The study published in November, by researchers from Harvard Medical School, Boston University School of Medicine, and the Veterans Administration, offered biological evidence for the Kaiser study’s epidemiological finding. The researchers found that, during the first year of the pandemic, VA patients who had tested positive for some of the common-cold coronaviruses had an 80 to 90 percent reduction in likelihood of testing positive for SARS-CoV-2 infection. In other words, at least for a limited time, getting the common cold appeared to help some people’s immune system protect against COVID.
These two studies — one relying on laboratory data, the other on observational data — complement each other so compellingly that the researchers behind the November study cite the August paper as the inspiration for theirs. Taken together, the findings suggest that social distancing and isolation at a population level, particularly from young children, may have counterintuitively put some people at greater risk of COVID infection or severe disease once they resumed normal contact. (Several of the experts I spoke with noted that this doesn’t mean social distancing wasn’t beneficial for those at high risk of bad outcomes who were able to remain uninfected until they were vaccinated.)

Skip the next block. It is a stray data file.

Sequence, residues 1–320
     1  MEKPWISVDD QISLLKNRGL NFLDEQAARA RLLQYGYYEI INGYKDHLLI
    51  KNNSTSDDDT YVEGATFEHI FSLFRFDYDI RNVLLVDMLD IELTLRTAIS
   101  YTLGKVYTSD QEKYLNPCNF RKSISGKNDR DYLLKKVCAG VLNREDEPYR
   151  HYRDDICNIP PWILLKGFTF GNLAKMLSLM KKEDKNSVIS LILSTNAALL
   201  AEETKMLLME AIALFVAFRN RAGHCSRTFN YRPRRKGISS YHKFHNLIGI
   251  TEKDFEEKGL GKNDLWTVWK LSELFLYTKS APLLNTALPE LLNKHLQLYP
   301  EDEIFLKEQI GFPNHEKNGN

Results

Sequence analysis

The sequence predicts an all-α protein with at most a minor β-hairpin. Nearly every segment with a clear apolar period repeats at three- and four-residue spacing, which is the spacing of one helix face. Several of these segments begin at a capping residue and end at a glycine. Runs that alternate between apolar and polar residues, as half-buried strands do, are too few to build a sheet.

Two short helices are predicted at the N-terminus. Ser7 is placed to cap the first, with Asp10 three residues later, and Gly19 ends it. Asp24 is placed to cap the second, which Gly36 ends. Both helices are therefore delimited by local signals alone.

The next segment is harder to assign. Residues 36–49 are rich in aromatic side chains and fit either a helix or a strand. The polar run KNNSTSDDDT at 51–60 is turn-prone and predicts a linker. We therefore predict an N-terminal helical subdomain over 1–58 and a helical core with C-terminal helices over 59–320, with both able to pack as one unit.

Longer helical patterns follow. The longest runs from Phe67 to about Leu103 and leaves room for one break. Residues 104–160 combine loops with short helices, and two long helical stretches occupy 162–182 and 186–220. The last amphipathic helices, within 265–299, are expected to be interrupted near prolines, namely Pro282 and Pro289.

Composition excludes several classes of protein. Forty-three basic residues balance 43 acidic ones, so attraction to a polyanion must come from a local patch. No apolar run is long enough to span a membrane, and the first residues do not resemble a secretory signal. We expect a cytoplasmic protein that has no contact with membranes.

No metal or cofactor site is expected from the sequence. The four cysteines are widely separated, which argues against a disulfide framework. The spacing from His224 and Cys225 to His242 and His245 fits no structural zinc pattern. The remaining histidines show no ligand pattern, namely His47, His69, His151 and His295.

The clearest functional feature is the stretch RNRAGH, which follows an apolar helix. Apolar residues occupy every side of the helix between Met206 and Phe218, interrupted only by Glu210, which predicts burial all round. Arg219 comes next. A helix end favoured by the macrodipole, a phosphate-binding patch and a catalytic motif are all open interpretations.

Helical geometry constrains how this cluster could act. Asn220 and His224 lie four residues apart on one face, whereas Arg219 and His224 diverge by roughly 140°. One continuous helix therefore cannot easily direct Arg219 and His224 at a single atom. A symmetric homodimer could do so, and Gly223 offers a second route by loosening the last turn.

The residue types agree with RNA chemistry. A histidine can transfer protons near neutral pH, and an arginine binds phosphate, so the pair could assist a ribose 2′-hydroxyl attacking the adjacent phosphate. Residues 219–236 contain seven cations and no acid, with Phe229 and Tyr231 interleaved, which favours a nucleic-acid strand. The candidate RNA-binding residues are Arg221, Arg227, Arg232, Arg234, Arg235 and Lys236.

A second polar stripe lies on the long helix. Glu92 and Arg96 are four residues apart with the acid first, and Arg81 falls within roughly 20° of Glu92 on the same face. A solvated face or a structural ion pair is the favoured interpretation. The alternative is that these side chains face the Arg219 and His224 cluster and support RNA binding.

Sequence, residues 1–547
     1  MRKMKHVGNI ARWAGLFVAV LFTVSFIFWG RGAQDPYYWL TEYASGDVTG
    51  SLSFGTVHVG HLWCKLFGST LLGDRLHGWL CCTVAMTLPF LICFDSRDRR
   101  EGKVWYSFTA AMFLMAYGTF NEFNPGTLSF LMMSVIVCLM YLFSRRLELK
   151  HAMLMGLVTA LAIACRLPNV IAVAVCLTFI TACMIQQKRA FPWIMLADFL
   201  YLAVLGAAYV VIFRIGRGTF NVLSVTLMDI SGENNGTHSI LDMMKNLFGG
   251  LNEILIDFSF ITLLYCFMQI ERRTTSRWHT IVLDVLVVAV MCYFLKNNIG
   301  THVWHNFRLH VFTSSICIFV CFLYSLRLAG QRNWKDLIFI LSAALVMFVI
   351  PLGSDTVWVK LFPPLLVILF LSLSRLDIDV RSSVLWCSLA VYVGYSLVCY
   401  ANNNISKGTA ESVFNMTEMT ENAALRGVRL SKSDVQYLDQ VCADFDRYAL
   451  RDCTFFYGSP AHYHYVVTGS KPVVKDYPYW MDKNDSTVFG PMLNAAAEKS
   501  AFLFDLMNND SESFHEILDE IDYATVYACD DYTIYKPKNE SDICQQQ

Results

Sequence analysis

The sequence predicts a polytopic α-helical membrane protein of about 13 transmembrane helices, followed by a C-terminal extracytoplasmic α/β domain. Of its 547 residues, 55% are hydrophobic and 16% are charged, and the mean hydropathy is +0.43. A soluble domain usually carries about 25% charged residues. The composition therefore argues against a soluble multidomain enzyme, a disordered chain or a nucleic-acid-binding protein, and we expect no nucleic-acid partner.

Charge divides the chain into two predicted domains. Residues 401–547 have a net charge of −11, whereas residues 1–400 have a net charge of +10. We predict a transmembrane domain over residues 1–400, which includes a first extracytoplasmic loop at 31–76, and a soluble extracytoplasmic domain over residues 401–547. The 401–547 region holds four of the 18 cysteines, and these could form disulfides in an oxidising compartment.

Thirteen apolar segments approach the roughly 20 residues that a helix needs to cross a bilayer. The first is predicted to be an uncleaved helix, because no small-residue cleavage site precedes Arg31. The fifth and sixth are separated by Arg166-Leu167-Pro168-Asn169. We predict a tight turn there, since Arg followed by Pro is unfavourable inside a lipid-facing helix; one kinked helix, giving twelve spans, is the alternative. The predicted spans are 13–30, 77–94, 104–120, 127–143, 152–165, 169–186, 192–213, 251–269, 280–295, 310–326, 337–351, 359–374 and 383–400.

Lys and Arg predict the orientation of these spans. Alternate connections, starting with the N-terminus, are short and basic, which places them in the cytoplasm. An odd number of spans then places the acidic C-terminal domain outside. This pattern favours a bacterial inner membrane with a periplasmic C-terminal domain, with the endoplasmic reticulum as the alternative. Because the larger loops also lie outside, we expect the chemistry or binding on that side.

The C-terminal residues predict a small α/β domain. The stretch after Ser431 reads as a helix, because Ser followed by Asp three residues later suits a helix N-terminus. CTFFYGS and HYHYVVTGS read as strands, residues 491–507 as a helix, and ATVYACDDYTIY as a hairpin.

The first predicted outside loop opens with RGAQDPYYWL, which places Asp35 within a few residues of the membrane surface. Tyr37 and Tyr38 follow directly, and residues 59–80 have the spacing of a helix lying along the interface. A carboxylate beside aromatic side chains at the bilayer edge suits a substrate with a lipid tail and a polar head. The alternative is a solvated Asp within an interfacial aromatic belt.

Francois Balloux, director of the Genetics Institute at University College London, whose work focuses on the epidemiology of infectious diseases, said cross-protection — that is, exposure to the common-cold coronaviruses triggering greater immune protection against COVID — had long been the subject of quiet speculation by experts. “This hypothesis was aired since the beginning of the pandemic but was viewed as dangerous,” he said. “People avoided talking about this in polite circles.”
But the public discussion now seems to be happening. For instance, a recent essay in the New York Times on the relative absence then reemergence of certain viruses, co-authored by a virologist and an infectious-diseases epidemiologist, noted the possible effects of social distancing as well as cross-reactivity (infection from one virus conferring an immune-system benefit against other viruses) in this process.
The VA study adds intriguing new data to this conversation. There are four endemic coronaviruses that can cause the common cold. The VA researchers found that people who had tested positive within the past year for two them — either 229E or OC43 — had a significantly lower rate of COVID than patients who had not tested positive for either of these coronaviruses.